Manufacturer of emergency contraceptive pill warns of effectiveness in overweight women. By Kirsten Braun
HRA Pharma, the manufacturer of emergency contraceptive pill (ECP) NorLevo, recently announced that they were updating their packaging information to warn women it was not recommended for women over 75 kilograms. NorLevo contains the progestogen levonorgestrel.
What about other brands of ECP?
Levonorgestrel is also the active ingredient in other brands of ECP sold in Australia, Postinor and Levonelle. The Therapeutic Goods Administration (TGA) is currently reviewing the information to determine whether any other action is required in Australia, and if so, whether the patient information for all brands of ECP should be updated.
What led to the manufacturer changing their information?
HRA Pharma was prompted to look at the effectiveness of their drug following the publication of a study in Contraception in 2011. This meta-analysis found the risk of pregnancy for women taking ECP was threefold greater for obese women and 1.5 times greater for overweight women compared with women with a normal body mass index. The study authors found levonorgestrel "showed a rapid decrease of efficacy with increasing BMI reaching the point where it appeared no different from pregnancy rates expected among women not using EC at a BMI of 26kg/m²". According to the World Health Organization, overweight women are between 25 and 30kg/m²and obese women are 30kg/m² and above.
However, the study authors also explained that the meta-analysis was based on two randomised controlled trials, neither of which was specifically set up to investigate weight and its impact on the effectiveness of ECP. In addition, the number of pregnancies in overweight and obese women was relatively small, 13 and 20 respectively. There is, therefore, a real need for a large randomised controlled trial specifically examining weight and the effectiveness of levonorgestrel.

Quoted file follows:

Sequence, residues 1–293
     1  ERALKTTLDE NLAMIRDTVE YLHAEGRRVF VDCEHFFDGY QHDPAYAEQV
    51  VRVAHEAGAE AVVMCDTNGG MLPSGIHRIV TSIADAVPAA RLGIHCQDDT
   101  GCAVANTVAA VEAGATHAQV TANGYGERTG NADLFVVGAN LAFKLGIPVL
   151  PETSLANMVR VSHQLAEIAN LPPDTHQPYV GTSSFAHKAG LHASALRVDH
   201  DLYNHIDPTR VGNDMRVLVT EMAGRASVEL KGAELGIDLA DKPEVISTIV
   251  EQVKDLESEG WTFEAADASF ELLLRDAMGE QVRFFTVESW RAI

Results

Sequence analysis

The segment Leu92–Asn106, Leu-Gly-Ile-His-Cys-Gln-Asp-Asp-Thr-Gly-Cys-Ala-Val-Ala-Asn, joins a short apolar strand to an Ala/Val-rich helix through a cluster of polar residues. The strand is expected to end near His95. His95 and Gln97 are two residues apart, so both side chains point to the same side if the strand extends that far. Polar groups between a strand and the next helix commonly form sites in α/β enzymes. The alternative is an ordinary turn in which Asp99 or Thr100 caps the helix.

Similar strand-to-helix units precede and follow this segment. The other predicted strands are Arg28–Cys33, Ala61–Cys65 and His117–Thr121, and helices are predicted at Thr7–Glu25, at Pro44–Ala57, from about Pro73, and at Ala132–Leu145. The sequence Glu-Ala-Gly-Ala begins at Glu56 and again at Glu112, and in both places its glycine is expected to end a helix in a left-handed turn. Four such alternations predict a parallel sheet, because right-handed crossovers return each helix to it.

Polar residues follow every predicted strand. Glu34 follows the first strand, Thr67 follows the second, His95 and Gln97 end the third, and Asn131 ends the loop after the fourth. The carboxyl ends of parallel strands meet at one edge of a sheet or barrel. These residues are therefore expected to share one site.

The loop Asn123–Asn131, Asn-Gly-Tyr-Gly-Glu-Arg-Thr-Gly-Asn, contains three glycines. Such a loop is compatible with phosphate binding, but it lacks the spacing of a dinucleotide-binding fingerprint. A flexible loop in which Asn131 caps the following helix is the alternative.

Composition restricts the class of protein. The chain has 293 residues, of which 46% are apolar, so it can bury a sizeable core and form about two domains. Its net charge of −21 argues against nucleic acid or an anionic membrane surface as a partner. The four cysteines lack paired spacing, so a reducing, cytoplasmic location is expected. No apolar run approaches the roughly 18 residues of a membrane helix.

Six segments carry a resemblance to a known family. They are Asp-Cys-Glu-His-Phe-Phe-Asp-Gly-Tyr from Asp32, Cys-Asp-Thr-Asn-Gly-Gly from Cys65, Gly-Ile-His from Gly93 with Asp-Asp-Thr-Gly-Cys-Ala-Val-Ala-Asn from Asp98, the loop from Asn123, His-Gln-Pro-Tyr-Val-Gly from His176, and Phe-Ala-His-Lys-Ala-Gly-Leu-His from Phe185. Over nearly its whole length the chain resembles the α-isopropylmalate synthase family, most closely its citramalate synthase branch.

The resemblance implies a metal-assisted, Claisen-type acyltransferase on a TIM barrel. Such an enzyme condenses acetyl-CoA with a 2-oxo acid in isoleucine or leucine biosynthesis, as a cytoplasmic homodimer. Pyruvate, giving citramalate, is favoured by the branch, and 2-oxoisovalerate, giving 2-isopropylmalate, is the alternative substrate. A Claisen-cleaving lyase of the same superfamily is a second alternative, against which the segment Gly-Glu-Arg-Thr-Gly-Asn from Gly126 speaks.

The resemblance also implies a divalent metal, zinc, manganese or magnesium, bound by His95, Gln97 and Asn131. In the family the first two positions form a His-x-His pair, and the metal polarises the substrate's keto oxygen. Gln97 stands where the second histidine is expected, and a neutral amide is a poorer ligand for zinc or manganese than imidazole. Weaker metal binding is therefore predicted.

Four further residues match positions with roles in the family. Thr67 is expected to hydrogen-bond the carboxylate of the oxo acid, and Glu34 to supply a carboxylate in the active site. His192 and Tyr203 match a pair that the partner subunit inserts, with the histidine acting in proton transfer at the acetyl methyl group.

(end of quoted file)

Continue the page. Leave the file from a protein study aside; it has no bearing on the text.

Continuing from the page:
What does it mean for women?
Women requiring emergency contraception who are obese or overweight may wish to also consider the use of a copper intra-uterine device (IUD). Copper IUDs prevent 99% of pregnancies if inserted within 5 days and provide women with ongoing contraception. However, copper IUDs need to be inserted by a skilled health professional making this option difficult to access within the required time frame. In addition, many women are not accepting of IUDs and would not find this a satisfactory alternative. Another more effective ECP, ulipristal acetate, is not yet available in Australia. In the absence of larger studies into weight and ECP and the lack of ulipristal acetate as an alternative ECP, women who are overweight or obese should access the levonorgestrel ECP rather than leave it to chance.
All women requiring ECP should access it as soon as possible, within 72 hours after unprotected sex, but ideally within 24 hours. ECP can be taken up to five days after unprotected sex but are not particularly effective after four days. ECP can be obtained over the counter from most chemists.
If women who take ECP find their period is more than seven days late they should follow up with a pregnancy test to determine if they are pregnant.
The importance of long-term contraception
In the Contraception meta-analysis, 20% of the women had further unprotected sex, making them more than four times more likely to become pregnant than women who did not report further unprotected sex. It is important, therefore, that after the first episode of unprotected sex women do not place themselves at risk of pregnancy again by choosing a reliable form of contraception to use longer term.
Last Updated: April 2014
Women's Health Queensland Wide Inc. This article was written by Kirsten Braun and reviewed by the Women's Health Queensland Wide editorial committee. It was published in Health Journey 2014 Issue 1.1.08 MB